April 9, 2020

Autoimmunity may be rising in the United States

Autoimmunity, a condition in which the body’s immune system reacts with components of its own cells, appears to be increasing in the United States, according to scientists at the National Institutes of Health and their collaborators. In a study published in Arthritis and Rheumatology, the researchers found that the prevalence […]
April 9, 2020

Tiny Nanoparticles Offer Large Potential for Brain Cancer Treatment

For patients with malignant brain tumors, the prognosis remains dismal. With the most aggressive treatments available, patients are usually only expected to live about 14 months after diagnosis. This is because, chemotherapy, the most common form of treatment for cancer, is uniquely challenging for brain tumor patients. The delicate organ […]
April 8, 2020

Loss of Autophagy in Hematopoietic Cells Contributes to Osteoporosis

This open access paper is an example of one of the less well known connections between processes of aging. Loss of efficiency of the cellular maintenance processes of autophagy is a characteristic of cells in old tissues. Here, researchers note that this dysfunction in the hematopoietic cells responsible for creating blood and immune […]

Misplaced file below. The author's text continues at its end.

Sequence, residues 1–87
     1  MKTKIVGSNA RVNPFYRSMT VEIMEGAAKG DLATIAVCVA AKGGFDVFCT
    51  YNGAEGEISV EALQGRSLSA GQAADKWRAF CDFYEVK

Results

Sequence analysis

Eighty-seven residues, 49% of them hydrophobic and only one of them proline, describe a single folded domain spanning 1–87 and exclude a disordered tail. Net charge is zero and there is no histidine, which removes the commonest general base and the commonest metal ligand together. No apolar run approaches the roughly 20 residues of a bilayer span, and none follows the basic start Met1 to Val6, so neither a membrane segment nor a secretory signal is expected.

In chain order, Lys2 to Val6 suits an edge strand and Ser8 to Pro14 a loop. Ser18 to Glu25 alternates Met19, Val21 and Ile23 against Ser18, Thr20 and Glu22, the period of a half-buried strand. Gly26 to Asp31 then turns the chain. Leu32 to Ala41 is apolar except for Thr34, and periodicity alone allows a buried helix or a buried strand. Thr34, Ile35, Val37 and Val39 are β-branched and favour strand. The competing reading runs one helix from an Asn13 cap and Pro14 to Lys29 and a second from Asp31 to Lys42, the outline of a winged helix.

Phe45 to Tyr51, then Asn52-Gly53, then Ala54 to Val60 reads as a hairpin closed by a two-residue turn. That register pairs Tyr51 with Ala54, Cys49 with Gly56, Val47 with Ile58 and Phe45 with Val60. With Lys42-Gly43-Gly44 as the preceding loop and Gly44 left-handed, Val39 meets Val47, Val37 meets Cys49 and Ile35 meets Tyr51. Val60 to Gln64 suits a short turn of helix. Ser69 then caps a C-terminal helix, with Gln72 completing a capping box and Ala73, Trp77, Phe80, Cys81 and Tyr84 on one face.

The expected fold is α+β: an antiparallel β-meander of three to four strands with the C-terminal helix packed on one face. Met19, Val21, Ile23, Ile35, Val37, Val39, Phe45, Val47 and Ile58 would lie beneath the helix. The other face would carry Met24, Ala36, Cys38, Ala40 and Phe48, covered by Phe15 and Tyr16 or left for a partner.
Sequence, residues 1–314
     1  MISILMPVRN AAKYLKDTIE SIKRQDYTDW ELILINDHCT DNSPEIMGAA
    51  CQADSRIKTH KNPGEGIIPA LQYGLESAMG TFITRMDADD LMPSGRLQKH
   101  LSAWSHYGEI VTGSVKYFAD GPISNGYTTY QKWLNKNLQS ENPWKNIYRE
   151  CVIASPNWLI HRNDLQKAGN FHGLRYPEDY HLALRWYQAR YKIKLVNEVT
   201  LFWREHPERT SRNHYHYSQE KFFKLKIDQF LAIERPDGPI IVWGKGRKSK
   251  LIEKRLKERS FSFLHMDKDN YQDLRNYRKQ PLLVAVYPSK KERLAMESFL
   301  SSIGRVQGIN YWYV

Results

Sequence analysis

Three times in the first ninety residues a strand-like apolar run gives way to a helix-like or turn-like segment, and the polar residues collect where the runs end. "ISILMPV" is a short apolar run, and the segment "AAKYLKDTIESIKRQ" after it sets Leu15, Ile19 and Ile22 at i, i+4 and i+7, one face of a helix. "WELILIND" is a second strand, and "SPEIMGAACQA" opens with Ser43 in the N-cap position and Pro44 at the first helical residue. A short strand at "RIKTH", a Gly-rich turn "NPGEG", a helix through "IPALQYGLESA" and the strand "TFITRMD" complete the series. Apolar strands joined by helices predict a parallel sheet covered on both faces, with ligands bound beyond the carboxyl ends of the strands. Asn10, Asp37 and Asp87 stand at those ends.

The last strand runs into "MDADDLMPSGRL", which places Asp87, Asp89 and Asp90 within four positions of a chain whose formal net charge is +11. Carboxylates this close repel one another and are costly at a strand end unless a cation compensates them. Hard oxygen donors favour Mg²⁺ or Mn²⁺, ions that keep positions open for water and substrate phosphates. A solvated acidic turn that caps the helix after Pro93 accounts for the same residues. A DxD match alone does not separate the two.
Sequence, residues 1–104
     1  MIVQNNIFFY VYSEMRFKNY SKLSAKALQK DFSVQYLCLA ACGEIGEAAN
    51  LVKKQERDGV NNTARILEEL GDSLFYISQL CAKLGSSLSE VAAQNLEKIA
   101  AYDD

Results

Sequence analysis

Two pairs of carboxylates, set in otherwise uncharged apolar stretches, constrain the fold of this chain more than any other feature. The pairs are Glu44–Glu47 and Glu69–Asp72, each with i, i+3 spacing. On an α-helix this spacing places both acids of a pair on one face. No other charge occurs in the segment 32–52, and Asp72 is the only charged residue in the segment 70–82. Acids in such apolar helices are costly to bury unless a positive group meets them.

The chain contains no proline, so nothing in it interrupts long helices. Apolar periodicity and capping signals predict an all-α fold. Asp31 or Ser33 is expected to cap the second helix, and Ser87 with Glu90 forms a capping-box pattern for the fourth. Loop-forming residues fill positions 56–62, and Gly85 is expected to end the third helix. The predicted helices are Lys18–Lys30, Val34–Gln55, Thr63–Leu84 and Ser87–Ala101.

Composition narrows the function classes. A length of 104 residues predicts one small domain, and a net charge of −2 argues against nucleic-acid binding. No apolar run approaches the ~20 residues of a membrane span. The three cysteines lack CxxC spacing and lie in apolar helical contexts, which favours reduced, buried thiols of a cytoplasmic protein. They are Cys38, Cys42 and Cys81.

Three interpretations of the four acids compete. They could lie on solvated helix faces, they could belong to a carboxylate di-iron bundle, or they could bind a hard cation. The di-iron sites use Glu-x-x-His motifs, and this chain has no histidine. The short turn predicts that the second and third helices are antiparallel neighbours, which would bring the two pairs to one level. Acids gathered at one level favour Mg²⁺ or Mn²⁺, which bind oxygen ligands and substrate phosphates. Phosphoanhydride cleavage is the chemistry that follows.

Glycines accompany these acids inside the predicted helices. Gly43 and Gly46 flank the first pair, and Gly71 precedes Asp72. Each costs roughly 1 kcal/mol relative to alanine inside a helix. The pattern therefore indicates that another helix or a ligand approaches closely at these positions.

April 8, 2020

Engineered Stem Cells Survive Longer and Improve Outcomes in a Heart Patch

In most cell therapies, the transplanted cells do not survive for long, or in large numbers. They produce beneficial effects, such as reduced inflammation or enhanced regeneration, via signaling that changes the behavior of native cell populations. Considerable effort is going into finding ways to make cells used in therapy survive for […]
April 8, 2020

PARP Inhibitor Drugs Can be “Tuned” for Better Killing of Tumor Cells

A prospective “PARP inhibitor” drug that has struggled to show effectiveness in clinical trials against cancers can be structurally modified to greatly increase its power to kill tumor cells, researchers from Penn Medicine report in Science. The team also showed that PARP inhibitor compounds can be “tuned” in the opposite […]
April 8, 2020

Genes sow seeds of neuropsychiatric diseases even before birth

From early prenatal development through childhood, the prefrontal cortex of the human brain undergoes an avalanche of developmental activity. In some cases, it also contains seeds of neuropsychiatric illnesses and conditions such as autism spectrum disorder and schizophrenia, according to a new genetic analysis led by researchers at Yale University […]